Heritage, 2009, Volume 2 Page: 27
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Of the original 300-piece collection, I have managed to acquire
100 Schwend guns, some complete and functional, some just rusty
barrels. Thankfully, the wax museum inventoried the entire collec-
tion including serial numbers and photographs. The museum's data,
along with Schwend family personal records, makes identification
much easier whenever a likely candidate surfaces. I have been for-
tunate enough to find and acquire most of the collection's famous
pieces, although a few have eluded me. A couple of the most prized
weapons that I have been able to restore to the Schwend Collection
are Bat Masterson's Colt single-action .45 caliber revolver and out-
law Frank James' Colt 1860 Army .44 caliber revolver.
Bat Masterson, who had retired from his life as a lawman, gam-
bler, and gunslinger, had heard through mutual friends of Deputy
Henry Harrison Schwend's passion for collecting weapons and gave
the Colt .45 to the deputy as a gift.
The Colt Model 1860 Army percussion revolver was dropped
by Frank James in an early 1880's brush with Missouri law enforce-
ment and was subsequently given to Harrison Schwend. The gun
was one of the first in the collection. Years later, James met with
Schwend during a stay in Henrietta and presented him with a hol-
ster and coin purse that belonged to his brother, Jesse James. The
holster was destroyed in the fire, but the coin purse's metal parts
survived and are part of the collection.
Unfortunately, there are very few remaining Schwend guns
to be found in the states. When I met with the insurance com-
pany folks in 1991, I learned that roughly half of the guns were
lost in the fire, and those firearms were dumped into the landfill
with what was left of the museum. The remaining 150 weapons
were sold at auction by the insurance company in 1989. More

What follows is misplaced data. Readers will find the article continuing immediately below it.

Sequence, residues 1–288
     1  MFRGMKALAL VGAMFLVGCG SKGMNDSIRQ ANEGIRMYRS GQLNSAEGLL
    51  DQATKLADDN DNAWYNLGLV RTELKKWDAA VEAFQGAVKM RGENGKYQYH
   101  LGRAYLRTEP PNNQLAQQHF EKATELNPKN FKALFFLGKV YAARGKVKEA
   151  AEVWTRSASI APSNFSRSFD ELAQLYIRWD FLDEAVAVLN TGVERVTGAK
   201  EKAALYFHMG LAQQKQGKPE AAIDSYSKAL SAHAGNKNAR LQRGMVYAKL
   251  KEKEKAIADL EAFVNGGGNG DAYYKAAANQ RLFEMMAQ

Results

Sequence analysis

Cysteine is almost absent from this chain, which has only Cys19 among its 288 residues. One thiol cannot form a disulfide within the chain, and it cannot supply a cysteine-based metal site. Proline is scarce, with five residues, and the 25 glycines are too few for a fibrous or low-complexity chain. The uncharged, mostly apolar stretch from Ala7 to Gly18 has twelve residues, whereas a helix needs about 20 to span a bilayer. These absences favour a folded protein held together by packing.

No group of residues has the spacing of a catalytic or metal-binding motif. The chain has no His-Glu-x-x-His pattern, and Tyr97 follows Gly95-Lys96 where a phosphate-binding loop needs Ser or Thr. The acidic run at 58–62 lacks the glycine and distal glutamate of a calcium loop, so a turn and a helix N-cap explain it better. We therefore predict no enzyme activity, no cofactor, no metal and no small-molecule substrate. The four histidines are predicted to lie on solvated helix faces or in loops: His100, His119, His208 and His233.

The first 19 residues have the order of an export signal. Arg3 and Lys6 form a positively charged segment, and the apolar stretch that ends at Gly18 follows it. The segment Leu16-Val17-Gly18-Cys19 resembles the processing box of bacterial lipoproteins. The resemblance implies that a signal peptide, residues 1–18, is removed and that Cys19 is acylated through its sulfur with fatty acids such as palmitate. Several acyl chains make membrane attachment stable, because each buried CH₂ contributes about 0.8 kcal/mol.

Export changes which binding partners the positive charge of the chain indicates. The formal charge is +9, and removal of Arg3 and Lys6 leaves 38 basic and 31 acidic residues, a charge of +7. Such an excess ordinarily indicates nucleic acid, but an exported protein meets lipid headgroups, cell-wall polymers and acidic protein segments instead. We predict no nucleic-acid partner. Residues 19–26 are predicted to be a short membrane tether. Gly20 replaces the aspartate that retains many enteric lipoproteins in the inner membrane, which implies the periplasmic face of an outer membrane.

than 50 of the auctioned guns were bought by one man and re-
sold in France and Germany. I created the Schwend Gun Collec-
tion website, www.schwendguns.us, a few years back in hope that
I might attract some international interest in my search. Although
the website has generated a number of emails here in the states,
none of those leads can be linked directly to the original collection,
and I have not had any web responses from overseas, which has
been a huge disappointment.
I have been working on a book about my family's old gun col-
lection using family documents, photographs, historic materials,
and Southwestern Historical Wax Museum records. I would like
to have the manuscript completed by the September 2010 Pioneer
Reunion in Henrietta, an event that I attend every three or four
years to exhibit the Schwend Collection at the old 1890 jail. My
hope is to introduce the book at that event and donate part of the
proceeds to the Clay County Historical Society. The organization
owns the 1890 jail and did a spectacular job of renovating the build-
ing, which is now their museum and research center. My great-uncle
Harrison spent quite a few of his peace-keeping days working in and
around this historic jailhouse, and my being there with his collection
seems especially appropriate. -Edited by Pam Murtha
Opposite page, top: Selby Schwend is pictured with an exhibit that he created
showcasing surviving weapons from his family's gun collection. Bottom: This his-
toric photo shows B.P. Schwend, of Henrietta, with a gun collection that he helped
assemble. That 300-piece collection was eventually sold for $3,000 to a Wichita Falls
This page, top: Bat Masterson's single-action, .45 caliber Colt revolver, is one of the
prized weapons in the collection, according to Schwend. Below: A Colt Model 1860
Army percussion revolver that once belonged to outlaw Frank James is also part of
the Schwend Collection.
HERITA GE Volume 2 2009
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Texas Historical Foundation. Heritage, 2009, Volume 2, periodical, 2009; Austin, Texas. (texashistory.unt.edu/ark:/67531/metapth254213/m1/27/: accessed October 22, 2017), University of North Texas Libraries, The Portal to Texas History, texashistory.unt.edu; crediting Texas Historical Foundation.